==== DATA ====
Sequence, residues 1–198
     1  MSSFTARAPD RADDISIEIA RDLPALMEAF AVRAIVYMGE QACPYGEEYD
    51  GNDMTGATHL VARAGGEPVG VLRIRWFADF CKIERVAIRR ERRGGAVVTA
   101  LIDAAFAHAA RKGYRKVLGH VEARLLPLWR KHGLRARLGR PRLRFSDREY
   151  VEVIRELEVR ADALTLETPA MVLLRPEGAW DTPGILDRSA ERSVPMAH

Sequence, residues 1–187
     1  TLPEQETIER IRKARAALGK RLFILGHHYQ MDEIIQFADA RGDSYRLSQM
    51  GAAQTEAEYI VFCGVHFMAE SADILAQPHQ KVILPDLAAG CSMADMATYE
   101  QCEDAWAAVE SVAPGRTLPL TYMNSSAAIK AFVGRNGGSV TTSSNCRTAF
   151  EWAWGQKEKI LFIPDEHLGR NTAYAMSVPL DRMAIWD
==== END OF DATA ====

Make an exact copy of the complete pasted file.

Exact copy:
Sequence, residues 1–198
     1  MSSFTARAPD RADDISIEIA RDLPALMEAF AVRAIVYMGE QACPYGEEYD
    51  GNDMTGATHL VARAGGEPVG VLRIRWFADF CKIERVAIRR ERRGGAVVTA
   101  LIDAAFAHAA RKGYRKVLGH VEARLLPLWR KHGLRARLGR PRLRFSDREY
   151  VEVIRELEVR ADALTLETPA MVLLRPEGAW DTPGILDRSA ERSVPMAH

Sequence, residues 1–187
     1  TLPEQETIER IRKARAALGK RLFILGHHYQ MDEIIQFADA RGDSYRLSQM
    51  GAAQTEAEYI VFCGVHFMAE SADILAQPHQ KVILPDLAAG CSMADMATYE
   101  QCEDAWAAVE SVAPGRTLPL TYMNSSAAIK AFVGRNGGSV TTSSNCRTAF
   151  EWAWGQKEKI LFIPDEHLGR NTAYAMSVPL DRMAIWD